NASA has published the first series of photographs taken by the James Webb Space Telescope (JWST). They demonstrate distant galaxies, dying luminaries, stellar maternity hospitals and other wonders of the Universe.
Galaxy Cluster SMACS 0723
The first part of the JWST images is dedicated to the galactic cluster SMACS 0723. We see it as it was 4.6 billion years ago — in the era when our planet was just formed. Earlier, NASA published an image of SMACS 0723 in the near infrared range, obtained using the NIRCam camera. Today it was supplemented with a photo in the mid-infrared range taken by the MIRI camera. To date, this is the most in-depth look into the Universe in the infrared range.
Comparing the two images, you can pay attention to how the colors of the galaxies have changed with increasing wavelength. In addition, the characteristic diffraction rays (an optical effect that occurs due to the design features of telescopes) around the foreground stars that are part of our Milky Way disappeared from the MIRI photo.
Spectrum of the exoplanet WASP-96 b
The next object of the survey was WASP-96 b, a hot gas giant located at a distance of 1,120 light-years from Earth. The NIRISS spectrograph allowed JWST to obtain the spectrum of its atmosphere, which is much more sensitive than the results of previous observations.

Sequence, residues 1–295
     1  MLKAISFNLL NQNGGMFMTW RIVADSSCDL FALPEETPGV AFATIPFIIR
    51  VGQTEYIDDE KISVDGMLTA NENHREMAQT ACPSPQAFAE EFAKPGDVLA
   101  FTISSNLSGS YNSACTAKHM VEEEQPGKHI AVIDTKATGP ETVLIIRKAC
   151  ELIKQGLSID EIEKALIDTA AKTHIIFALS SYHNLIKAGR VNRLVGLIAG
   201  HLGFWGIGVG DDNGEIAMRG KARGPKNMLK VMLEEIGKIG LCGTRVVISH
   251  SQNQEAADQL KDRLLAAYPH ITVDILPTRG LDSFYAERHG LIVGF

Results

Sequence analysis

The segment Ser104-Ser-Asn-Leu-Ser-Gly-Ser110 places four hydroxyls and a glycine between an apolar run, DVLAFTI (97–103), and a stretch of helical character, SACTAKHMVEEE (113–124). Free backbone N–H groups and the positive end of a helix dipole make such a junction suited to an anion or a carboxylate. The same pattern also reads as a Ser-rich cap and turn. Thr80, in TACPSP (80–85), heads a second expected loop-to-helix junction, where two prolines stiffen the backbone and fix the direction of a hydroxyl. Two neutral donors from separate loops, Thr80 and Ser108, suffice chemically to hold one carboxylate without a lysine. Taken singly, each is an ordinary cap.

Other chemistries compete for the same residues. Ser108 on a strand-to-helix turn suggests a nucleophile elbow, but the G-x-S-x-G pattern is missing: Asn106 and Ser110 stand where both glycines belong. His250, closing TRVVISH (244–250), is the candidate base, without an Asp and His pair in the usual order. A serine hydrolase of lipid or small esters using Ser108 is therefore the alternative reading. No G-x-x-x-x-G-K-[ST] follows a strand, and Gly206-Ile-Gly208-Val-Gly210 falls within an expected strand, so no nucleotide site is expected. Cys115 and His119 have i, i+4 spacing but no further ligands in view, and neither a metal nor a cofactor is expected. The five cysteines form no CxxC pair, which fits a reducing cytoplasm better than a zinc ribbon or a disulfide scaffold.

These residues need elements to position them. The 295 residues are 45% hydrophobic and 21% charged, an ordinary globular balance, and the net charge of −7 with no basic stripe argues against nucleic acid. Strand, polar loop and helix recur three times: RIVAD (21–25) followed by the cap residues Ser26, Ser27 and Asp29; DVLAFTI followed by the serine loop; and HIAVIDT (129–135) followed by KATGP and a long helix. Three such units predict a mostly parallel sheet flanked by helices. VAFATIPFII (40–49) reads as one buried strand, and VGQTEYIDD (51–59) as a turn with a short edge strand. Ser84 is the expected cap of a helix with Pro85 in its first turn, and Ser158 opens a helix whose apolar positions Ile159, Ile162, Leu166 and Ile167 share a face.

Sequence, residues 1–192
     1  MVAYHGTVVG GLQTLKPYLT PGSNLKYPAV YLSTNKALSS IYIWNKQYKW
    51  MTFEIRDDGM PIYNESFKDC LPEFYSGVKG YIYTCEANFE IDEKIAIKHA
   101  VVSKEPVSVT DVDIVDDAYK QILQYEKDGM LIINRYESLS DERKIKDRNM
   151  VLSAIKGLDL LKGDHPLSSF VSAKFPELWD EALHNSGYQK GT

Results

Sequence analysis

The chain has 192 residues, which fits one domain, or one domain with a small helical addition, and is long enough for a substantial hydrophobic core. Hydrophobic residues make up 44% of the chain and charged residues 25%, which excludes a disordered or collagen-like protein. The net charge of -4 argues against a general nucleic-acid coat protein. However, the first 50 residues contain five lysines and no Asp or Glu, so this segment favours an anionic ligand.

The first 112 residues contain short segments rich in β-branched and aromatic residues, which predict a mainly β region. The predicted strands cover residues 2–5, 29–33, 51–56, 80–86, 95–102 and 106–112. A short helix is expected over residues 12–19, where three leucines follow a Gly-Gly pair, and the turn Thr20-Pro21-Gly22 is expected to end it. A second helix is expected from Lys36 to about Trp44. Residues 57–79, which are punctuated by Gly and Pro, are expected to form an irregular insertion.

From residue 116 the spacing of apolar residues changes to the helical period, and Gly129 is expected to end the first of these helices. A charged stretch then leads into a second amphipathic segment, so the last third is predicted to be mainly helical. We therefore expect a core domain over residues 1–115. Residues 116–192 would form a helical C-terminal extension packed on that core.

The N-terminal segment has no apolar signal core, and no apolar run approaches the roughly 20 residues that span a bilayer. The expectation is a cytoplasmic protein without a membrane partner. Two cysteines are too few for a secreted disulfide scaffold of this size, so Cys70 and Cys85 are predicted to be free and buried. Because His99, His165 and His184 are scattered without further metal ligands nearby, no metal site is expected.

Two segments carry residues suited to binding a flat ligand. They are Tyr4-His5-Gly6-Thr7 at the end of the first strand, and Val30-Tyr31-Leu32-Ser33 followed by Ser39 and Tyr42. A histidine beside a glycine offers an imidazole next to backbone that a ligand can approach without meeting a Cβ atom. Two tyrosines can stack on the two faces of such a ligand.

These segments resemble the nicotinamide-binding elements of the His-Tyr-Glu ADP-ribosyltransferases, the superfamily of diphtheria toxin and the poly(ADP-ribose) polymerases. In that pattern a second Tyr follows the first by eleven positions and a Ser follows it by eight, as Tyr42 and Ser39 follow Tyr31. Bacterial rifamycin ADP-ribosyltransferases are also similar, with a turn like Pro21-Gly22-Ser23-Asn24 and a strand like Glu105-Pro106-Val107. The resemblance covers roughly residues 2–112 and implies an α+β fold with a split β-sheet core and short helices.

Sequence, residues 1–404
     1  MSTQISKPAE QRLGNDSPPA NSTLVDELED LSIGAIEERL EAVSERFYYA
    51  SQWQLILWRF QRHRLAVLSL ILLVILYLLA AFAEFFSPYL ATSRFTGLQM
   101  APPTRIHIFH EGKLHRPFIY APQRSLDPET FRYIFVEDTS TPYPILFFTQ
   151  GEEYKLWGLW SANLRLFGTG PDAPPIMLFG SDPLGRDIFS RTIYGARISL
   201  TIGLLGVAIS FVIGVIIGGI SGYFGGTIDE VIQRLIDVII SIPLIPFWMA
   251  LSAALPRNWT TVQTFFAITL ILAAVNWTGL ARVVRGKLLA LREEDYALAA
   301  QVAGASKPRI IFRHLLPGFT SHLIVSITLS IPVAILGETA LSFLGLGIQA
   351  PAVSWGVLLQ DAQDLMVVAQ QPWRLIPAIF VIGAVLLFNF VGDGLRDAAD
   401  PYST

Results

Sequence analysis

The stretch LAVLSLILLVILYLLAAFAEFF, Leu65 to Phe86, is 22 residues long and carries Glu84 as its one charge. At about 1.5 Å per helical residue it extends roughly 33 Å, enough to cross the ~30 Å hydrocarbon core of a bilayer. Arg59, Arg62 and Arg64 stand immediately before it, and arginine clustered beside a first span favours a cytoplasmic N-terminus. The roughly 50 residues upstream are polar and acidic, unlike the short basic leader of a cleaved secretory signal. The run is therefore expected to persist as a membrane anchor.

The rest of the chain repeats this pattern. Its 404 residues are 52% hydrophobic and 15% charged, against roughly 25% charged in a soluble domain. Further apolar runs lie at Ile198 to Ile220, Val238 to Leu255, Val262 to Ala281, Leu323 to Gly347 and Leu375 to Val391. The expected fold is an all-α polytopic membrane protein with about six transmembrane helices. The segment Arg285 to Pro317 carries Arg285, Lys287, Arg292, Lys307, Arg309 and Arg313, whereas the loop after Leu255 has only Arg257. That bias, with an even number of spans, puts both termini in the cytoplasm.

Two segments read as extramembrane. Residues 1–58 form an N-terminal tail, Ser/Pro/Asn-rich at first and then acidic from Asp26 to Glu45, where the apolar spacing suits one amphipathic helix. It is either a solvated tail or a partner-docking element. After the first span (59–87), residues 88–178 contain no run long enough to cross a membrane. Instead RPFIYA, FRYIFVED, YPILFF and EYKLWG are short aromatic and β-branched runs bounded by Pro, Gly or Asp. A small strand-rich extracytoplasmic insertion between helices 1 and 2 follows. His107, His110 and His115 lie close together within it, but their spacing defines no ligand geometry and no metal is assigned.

Although scientists have yet to analyze in detail the results of observations, previously JWST was able to detect water vapor, traces of cloud cover, as well as determine the temperature of the atmosphere of the gas giant. It is 725 °C.
Southern Ring Nebula
JWST photographed the planetary nebula NGC 3132, also known as the Southern Ring Nebula. It is located at a distance of 2500 light-years from Earth. The nebula formed when the dying red giant shed the outer layers of its atmosphere.
NASA has published two portraits of NGC 3132 at once, obtained with the help of NIRCam and MIRI. They demonstrate a number of structural details of the nebula that previously escaped the attention of astronomers.
Another nebula photographed by JWST was NGC 3372 (Carina Nebula), located at a distance of 7,600 light-years from Earth. Unlike NGC 3132, this is not a “funeral shroud” around a dying luminary, but a stellar maternity hospital. Right now, new luminaries and exoplanets are forming in the depths of the Carina Nebula. Using the NIRCam camera, JWST photographed a fragment of the nebula extending about 7 light-years.
The picture, striking the imagination, shows something resembling a mountain landscape. We see bizarre gas-dust structures formed in the nebula under the influence of powerful ultraviolet radiation from newborn stars.
JWST also paid attention to another iconic object of deep space — Stephan’s Quintet. These are five galaxies located in the direction of the constellation Pegasus. Four of them are members of a single cluster and physically interact with each other. The fifth galaxy is located much closer to the Milky Way and has nothing to do with the rest.
Thanks to the combination of NIRCam and MIRI capabilities, JWST managed to obtain the most detailed portrait of Stephan’s Quintet in history. It demonstrates previously unknown details, including regions of active star formation consisting of torn matter, tails and shock waves caused by the gravitational interaction of galaxies.
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